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Miniatures Handbook (Dungeons & Dragons Supplement) Hardcover – October 1, 2003
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About the Author
Bruce R. Cordell, an Origins award-winning author, has written over a dozen products, including Return to the Tomb of Horrors, The Sunless Citadel, and the Epic Level Handbook.
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Top Customer Reviews
There are four new base classes introduced to the game. Two of them I think are excellent, a combat support class called the Marshal and a Cleric with a sorcerer style called a Favored Soul. Another class, called the Healer, doesn't seem to add much to the game, while the final class is a combat oriented spellcaster that makes me think "Munchkin Class". The prestige classes are no different. I think the War Chief prestige class is perfect for Orc or Bugbear horde leaders and a great addition to D&D. On the other hand, the War Hulk prestige class seems monodimentional and a bit overpowered.
There are new spells and magic items. New spells such as several "Legion" spells which cast familiar effects to large numbers are a nice addition, but there are two lower level teleport spells which seems very easy to abuse in a roleplaying setting. (The caster has the ability to switch positions with another person.) None of the magic items jump out as being extraordinary but may be a pleasant addition to a campaign.
Lots of new monsters are introduced, such as Aspects of Gods which give lower CR combats for those wanting an epic feeling battle. This is probably the strongest section of the Miniature Handbook.
The rest of the book is a bit of a disappointment. They reprint much of the rules that you can pick up in a D&D Miniature game Entry Pack. There are some additions, like a bunch of extra scenerios, but in the end I think it's a bit of a waste of space.Read more ›
....The other two sections of the book are for mass combat and miscellaneous prestige classes, etc. The mass combat section is nice but organized as poorly as the miniatures section. It might be useful to someone who injects mass battles into his D&D campaign, something that many of us don't. The front section with the prestige classes I found to be particularly bland. I would have liked to see some classes and items related to tactical and strategic commanders, magic items that give leadership bonuses, etc. This section definitely fell short.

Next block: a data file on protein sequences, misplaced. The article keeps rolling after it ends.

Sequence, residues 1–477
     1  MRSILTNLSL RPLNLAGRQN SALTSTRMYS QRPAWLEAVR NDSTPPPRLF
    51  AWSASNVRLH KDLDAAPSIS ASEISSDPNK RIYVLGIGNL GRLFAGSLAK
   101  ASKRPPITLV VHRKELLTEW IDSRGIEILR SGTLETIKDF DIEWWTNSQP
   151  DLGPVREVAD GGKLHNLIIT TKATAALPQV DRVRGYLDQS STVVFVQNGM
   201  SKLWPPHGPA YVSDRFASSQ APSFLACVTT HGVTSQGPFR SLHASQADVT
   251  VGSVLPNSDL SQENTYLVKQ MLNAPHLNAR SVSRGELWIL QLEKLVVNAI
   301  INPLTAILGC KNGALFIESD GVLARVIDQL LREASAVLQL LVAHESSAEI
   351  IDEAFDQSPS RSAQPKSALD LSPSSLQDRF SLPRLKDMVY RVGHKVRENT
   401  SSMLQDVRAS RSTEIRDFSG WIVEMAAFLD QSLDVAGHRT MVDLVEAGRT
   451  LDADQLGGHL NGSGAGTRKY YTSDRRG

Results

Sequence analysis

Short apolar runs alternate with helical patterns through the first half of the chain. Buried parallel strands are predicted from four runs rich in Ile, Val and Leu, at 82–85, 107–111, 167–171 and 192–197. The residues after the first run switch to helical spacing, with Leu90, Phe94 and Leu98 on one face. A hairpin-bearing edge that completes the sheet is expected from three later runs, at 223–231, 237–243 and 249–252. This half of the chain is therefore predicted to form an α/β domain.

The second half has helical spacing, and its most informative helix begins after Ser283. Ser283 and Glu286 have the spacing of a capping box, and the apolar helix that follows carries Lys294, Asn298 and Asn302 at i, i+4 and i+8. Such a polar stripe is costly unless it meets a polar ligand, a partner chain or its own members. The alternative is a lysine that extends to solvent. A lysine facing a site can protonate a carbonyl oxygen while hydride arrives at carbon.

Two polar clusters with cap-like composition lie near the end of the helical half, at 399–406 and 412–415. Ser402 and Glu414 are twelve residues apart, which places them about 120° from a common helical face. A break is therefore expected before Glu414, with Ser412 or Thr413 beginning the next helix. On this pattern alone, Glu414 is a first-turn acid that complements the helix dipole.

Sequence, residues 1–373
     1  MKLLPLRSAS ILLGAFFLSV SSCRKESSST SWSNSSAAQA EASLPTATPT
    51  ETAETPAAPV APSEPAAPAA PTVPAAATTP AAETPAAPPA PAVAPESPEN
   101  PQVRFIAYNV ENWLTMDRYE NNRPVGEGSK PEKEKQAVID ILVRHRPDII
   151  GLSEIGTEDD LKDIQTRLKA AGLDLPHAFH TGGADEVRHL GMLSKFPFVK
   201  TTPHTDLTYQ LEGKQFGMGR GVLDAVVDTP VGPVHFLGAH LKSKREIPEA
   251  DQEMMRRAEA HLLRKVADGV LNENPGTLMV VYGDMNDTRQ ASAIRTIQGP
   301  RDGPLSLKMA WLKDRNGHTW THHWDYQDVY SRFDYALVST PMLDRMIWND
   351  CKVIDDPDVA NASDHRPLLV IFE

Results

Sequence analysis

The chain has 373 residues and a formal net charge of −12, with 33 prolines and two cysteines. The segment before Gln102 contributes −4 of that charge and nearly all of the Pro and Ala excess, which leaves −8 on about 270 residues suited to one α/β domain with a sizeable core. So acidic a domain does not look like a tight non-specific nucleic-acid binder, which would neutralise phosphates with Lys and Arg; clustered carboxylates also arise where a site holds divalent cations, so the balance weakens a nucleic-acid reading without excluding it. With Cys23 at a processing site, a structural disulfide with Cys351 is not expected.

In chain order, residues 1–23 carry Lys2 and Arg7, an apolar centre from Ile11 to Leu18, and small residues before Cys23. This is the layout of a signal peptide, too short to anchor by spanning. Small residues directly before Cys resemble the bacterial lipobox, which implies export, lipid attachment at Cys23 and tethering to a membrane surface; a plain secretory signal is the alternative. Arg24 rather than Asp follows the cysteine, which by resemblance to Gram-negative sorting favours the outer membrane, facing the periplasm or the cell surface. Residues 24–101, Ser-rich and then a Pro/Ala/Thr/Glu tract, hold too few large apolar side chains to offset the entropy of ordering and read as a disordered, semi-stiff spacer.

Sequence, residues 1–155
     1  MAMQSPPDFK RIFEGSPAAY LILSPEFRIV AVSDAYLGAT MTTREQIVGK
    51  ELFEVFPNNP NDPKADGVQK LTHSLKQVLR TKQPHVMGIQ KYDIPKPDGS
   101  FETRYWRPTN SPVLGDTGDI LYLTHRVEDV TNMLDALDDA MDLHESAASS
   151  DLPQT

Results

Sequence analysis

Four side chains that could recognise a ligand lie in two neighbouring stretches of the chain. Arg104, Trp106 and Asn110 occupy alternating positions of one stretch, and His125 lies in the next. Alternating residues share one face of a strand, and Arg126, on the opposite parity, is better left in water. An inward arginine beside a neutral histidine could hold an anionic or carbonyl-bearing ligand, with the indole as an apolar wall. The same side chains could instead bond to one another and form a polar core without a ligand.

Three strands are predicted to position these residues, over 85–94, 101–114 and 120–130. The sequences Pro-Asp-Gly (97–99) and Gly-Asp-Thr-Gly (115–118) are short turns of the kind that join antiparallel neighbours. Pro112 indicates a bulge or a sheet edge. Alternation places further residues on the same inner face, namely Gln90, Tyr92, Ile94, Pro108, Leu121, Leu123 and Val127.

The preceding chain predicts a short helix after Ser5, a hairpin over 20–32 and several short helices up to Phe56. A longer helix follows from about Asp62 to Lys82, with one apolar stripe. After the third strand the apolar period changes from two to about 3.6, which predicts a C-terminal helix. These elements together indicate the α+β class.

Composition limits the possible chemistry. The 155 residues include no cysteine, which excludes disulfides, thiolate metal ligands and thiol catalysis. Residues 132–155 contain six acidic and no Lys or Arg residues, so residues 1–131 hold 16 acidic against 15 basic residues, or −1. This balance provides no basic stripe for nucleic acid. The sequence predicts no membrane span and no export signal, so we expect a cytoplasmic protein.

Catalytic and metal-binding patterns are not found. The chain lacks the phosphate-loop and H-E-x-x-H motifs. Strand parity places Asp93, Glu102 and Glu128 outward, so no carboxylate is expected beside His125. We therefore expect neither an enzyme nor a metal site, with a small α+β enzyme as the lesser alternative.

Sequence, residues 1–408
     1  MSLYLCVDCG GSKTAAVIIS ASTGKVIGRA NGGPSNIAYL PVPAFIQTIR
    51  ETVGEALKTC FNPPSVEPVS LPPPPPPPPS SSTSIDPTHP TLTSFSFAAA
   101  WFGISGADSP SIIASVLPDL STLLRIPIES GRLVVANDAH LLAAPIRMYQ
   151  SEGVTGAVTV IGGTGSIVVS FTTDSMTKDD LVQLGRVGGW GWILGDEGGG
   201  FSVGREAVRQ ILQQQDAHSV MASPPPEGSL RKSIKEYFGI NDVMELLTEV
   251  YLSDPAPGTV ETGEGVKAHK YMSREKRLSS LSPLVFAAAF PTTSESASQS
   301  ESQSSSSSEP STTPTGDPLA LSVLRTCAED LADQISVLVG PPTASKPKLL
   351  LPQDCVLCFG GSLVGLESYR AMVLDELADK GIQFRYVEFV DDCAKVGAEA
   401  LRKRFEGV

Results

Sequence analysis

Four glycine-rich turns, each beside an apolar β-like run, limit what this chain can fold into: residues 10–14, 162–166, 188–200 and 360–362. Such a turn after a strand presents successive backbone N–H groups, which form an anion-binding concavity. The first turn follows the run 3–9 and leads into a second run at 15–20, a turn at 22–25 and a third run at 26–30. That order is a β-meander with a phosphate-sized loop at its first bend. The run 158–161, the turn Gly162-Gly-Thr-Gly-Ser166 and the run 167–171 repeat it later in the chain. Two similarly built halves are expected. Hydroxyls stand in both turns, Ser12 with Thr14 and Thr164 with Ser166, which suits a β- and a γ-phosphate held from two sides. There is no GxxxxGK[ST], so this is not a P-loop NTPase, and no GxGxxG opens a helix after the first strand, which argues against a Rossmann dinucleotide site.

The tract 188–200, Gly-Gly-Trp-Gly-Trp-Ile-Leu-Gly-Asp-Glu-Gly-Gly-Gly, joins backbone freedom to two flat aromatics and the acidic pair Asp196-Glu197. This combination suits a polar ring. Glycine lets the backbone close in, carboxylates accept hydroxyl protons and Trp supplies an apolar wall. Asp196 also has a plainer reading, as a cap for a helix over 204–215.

....All in all, if you would like a fairly good reference to supplement the little pamphlet that came with your D&D Miniatures Starter Set, this book might be for you. Otherwise, it's really just a minor supplement to your D&D campaign and in most cases should be skipped.
Why do I have it, then? Outside of a desire for completeness?
Well, about one quarter of the book is filled with useful goodies for D&D itself. There are four new core classes, all but one of which are spontaneous casters. There's the Favored Soul (a spontaneous divine caster with ALL GOOD SAVES), the Healer (which, predictably, specializes in healing...it's been referred to as the "girlfriend class", and even gets a unicorn companion!), and the Warmage (who throws damage spells like they're going out of style). There's also the Marshal, which helps the other party members do their jobs better.
The prestige classes are very good, too. In fact, the real reason I'm so in love with this book is the Skullclan Hunter, which is a rogue prestige class that can sneak attack undead. This is wonderful, as normally undead are immune to sneak attacks. The SkH is still useful, too, outside of that specialty. Other notable classes are the unfortunately-named Tactical Soldier (great for people who thrive on teamwork, and wonderful for your cohort to go in), Havoc Mage (a short PrC that lets you cast in armor and at the same time you make an attack), the Warchief (leading tribes of humanoids, making them tougher and getting more charismatic), and the Warhulk. The latter is also quite fun; it's for Large and bigger creatures, has NO Base Attack accumulation, but gets +2 Strength/level and nifty special attacks that're modeled after Sauron's attacks from the Fellowship of the Ring prologue. Sadly, it's easily abused, but I like that sort of stuff anyway.Read more ›
Most Recent Customer Reviews
allegedly good condition. Came in the mail in really poor shape. Bent corners, numerous scratches and boot prints on inside cover.Published 4 months ago by karl williams
Book came in fantastic condition. Easily one of my favorites.Published 14 months ago by D. A. Delano
The book Miniatures Handbook of Dungeons & Dragons is not just a supplement to play with miniatures. Read morePublished on December 11, 2013 by Estevam Augusto Ramalho Fernandes de Fernandes
First off, I started collecting D&D Miniatures around '07 and soon there after began playing the miniatures game (completely different from the role playing game, the miniatures... Read morePublished on October 29, 2013 by Amazon Customer
I don't use miniatures, but some of the other reviews here convinced me to try this book anyway. Glad I did! New classes, new spells, new monsters... Read morePublished on August 8, 2012 by Jason T. Gilstrap
Unless you play with miniatures frequently, this book will bring very little to the table. It contains some new, and I must say interesting, base classes, a few new spells, as... Read morePublished on June 4, 2004